Koslo shared that as long as his co-stars worked hard, Wayne was always their biggest supporter.“My impression of him was that if you did your stuff, and you were right on top of it, he was your best buddy. But if you were like a slacker, or you weren’t prepared, he could get on your case.”During the AWOW interview, Paul Koslo also shared some details behind the age-old feud between John Wayne and Katharine Hepburn.

“I mean, Kate and him, they were always like this,” said Koslo, while punching his fists together.According to Koslo, politics were behind the fight. Hepburn was a democrat and Wayne was a republican.“It seemed like… in a fun way. I don’t know if it was for real,” he admitted. “You know, she would be sitting on the hood of a truck going like a hundred feet down to the set where they were shooting, and how Wallis was having heart attacks. She was really a daredevil, and she was full of piss and vinegar.”

The actor also noted that he didn’t get to spend much time with the actress, so he couldn’t get a proper gauge on the so-called feud. Almost all his time was spent with The Duke.The only interaction Koslo had with Hepburn was while shooting an intense scene where they were “moving this nitroglycerin to another location because we were going to rob the U.S. Treasury with it, and [John Wayne’s] about to ambush us.”And that happened right before Paul Koslo nearly stepped on John Wayne’s lines.

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What John Wayne said in his angry letter to Clint Eastwood and how Eastwood responded. – My Blog

John Wayne and Clint Eastwood are the two biggest icons of the Western movies, however, Wayne wasn’t always a fan of Eastwood’s work. In fact, Wayne hated one of Eastwood’s Westerns so much he sent him a letter decrying the film. Here’s how Eastwood reacted to the letter — and how the public reacted to this movie.

This Clint Eastwood movie was a lot darker than John Wayne’s films : First, a little background. The Western was a staple of American cinema from its early days. It often presented a glorified view of American expansionism. During and after the civil rights movement, Westerns began to evolve, often presenting a critical or at least cynical view of the Old West. Movies like that became especially popular during the 1970s, but by the 1980s the genre was no longer an American staple.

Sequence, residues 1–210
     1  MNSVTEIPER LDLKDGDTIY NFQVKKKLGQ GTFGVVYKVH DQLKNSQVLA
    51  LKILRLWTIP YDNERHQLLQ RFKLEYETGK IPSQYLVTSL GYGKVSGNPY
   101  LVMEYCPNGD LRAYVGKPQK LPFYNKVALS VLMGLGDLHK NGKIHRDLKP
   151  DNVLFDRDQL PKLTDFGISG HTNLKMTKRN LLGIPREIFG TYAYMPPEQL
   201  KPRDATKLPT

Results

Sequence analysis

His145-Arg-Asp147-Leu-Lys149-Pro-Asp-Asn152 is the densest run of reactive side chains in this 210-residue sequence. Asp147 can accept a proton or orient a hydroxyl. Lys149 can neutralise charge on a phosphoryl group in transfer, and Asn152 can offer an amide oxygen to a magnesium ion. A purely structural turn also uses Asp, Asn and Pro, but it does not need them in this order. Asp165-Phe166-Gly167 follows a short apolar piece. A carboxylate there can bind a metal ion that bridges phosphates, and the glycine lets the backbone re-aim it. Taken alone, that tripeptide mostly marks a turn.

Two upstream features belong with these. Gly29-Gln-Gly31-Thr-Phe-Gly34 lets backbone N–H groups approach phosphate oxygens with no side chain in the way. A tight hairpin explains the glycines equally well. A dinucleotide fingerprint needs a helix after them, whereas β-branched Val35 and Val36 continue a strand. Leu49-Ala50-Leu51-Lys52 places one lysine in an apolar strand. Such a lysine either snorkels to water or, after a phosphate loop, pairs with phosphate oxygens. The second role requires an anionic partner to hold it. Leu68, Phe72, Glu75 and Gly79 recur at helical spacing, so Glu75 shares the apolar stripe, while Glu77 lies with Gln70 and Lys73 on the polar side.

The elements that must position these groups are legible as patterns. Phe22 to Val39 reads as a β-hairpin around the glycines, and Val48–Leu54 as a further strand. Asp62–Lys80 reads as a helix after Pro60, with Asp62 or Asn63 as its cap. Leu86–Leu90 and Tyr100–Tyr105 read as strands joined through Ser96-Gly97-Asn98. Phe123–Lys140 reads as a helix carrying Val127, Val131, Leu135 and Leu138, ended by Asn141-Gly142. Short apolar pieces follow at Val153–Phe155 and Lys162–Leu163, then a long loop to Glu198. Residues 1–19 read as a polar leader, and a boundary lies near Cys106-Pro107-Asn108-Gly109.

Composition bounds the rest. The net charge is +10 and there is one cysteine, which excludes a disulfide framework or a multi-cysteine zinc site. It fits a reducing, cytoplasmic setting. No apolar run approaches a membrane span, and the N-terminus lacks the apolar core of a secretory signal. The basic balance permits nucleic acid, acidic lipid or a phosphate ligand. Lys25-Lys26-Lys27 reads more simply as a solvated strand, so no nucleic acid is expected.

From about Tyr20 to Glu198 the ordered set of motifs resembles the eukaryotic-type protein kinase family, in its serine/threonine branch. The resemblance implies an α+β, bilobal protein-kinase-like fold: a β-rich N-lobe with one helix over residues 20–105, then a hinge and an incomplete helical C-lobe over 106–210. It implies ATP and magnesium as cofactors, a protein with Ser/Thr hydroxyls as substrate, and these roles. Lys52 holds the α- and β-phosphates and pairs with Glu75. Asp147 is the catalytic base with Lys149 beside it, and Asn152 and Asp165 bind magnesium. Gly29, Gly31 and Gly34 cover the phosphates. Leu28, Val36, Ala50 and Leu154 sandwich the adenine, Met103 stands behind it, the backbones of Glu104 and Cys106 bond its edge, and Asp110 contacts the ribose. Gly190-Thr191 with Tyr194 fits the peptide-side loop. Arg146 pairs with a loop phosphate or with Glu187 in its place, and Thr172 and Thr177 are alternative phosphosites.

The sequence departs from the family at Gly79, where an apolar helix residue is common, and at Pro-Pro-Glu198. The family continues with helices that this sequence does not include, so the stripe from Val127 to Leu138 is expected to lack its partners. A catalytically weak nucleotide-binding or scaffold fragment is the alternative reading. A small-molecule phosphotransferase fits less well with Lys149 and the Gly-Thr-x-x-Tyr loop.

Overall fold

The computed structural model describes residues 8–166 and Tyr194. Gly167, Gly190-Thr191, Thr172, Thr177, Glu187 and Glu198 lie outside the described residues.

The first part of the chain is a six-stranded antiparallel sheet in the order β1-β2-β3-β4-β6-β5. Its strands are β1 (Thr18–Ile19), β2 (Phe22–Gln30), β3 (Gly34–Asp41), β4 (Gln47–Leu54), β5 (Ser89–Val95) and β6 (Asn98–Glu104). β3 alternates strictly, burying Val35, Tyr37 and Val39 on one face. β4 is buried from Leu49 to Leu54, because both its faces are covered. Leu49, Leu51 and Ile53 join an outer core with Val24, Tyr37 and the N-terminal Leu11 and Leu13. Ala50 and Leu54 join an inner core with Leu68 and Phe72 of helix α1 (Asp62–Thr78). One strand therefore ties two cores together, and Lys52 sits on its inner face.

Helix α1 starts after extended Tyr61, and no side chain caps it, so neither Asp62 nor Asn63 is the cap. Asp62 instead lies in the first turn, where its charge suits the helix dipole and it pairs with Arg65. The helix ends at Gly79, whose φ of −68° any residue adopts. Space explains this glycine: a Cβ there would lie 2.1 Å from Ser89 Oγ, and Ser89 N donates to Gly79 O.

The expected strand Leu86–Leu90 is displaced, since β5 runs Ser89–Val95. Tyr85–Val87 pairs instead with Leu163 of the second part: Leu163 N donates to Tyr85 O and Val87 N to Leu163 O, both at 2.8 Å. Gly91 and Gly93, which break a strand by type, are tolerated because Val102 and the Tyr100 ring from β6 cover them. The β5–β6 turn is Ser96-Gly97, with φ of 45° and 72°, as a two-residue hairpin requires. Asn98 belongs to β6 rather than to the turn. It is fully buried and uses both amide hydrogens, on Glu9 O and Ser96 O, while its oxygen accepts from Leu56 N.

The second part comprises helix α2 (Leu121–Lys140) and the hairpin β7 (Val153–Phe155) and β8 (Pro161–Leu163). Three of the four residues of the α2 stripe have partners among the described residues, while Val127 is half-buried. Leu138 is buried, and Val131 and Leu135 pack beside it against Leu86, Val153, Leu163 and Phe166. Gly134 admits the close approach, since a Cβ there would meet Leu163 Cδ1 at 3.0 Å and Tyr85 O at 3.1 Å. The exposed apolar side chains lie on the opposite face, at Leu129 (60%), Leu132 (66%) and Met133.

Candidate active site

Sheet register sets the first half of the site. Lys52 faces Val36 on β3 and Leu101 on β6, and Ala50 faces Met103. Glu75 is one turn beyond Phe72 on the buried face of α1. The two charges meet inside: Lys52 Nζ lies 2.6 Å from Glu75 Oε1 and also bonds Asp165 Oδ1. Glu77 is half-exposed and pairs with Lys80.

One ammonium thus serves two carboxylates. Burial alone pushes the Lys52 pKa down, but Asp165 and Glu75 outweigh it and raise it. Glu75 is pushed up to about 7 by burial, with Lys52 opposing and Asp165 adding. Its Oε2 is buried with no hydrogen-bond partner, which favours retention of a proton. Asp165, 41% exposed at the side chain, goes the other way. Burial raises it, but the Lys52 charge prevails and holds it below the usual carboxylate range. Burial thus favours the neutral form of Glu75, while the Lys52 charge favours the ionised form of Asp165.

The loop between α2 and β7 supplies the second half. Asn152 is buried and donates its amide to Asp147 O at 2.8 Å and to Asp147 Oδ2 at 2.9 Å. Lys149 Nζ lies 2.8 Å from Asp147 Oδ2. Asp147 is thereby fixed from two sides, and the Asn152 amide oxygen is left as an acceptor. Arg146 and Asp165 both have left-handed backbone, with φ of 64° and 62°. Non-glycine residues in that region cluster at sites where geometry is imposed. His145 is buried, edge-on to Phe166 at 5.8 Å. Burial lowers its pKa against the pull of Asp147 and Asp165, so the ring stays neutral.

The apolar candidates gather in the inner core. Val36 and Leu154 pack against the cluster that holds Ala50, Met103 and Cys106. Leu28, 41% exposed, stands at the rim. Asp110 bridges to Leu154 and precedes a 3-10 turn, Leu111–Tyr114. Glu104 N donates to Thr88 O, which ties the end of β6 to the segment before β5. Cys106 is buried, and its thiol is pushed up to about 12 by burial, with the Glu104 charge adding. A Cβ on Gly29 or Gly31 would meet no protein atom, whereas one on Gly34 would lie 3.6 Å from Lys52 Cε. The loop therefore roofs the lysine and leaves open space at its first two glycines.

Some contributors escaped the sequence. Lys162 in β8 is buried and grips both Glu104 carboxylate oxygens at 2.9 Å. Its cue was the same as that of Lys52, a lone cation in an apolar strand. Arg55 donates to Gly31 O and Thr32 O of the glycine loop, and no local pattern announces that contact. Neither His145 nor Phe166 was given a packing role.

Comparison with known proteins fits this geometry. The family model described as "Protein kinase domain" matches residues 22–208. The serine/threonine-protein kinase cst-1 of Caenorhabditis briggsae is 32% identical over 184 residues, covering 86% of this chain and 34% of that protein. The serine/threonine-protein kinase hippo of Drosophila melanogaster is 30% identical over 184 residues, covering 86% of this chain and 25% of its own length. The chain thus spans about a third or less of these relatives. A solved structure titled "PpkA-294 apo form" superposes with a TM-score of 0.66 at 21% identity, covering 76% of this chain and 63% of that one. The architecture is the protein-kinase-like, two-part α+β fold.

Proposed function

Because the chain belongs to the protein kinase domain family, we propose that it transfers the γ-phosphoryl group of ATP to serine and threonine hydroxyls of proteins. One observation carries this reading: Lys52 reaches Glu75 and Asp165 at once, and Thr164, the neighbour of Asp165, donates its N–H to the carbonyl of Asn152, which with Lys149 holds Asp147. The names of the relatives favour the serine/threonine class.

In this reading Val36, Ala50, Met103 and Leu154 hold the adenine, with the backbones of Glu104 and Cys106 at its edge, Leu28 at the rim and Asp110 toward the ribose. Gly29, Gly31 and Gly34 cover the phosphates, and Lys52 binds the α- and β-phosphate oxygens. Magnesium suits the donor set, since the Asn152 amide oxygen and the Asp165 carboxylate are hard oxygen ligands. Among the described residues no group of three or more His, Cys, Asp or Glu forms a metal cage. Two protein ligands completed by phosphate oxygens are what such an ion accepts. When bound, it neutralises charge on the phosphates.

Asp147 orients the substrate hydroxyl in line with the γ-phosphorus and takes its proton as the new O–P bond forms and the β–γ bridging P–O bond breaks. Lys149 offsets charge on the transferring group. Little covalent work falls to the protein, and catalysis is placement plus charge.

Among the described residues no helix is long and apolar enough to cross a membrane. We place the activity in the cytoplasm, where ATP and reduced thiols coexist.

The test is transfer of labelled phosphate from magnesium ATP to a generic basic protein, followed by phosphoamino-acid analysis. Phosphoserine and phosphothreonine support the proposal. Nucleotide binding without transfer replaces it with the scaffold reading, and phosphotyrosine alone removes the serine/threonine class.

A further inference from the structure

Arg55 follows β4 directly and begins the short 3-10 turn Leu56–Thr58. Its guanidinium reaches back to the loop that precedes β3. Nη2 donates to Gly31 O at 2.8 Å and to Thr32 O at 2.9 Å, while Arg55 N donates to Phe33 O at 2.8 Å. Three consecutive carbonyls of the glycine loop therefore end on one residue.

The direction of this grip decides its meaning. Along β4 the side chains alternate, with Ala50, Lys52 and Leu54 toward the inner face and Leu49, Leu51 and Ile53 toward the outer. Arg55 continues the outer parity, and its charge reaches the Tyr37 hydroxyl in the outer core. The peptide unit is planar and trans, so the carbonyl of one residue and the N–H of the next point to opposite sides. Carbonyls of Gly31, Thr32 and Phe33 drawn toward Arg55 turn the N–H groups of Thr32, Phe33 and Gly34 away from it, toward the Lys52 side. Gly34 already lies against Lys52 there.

One of the more famous dark Westerns from the 1970s was High Plains Drifter. The film is about a mysterious criminal who comes into town, to get revenge for his brother who was murdered as many of the townsfolk watched by idly. No one in the film is very sympathetic — they’re all either evil or passive in the face of evil. It’s a far cry from the more uplifting films which made Wayne famous.

What John Wayne said in his letter to Clint Eastwood — and how Eastwood responded : It’s very easy to see High Plains Drifter as a critique of the American West. According to the book Ride, Boldly Ride: The Evolution of the American Western, that’s how Wayne saw the film. In addition, he saw it as incorrect.Eastwood told Kenneth Turan “John Wayne once wrote me a letter saying he didn’t like High Plains Drifter. He said it wasn’t really about the people who pioneered the West.

I realized that there’s two different generations, and he wouldn’t understand what I was doing. High Plains Drifter was meant to be a fable: it wasn’t meant to show the hours of pioneering drudgery. It wasn’t supposed to be anything about settling the West.” According to the book John Wayne: The Life and Legend, Eastwood did not write back. How the public reacted to ‘High Plains Drifter’ : Clearly, Wayne was upset by the film. This raises an interesting question: Did High Plains Drifter resonate with the public?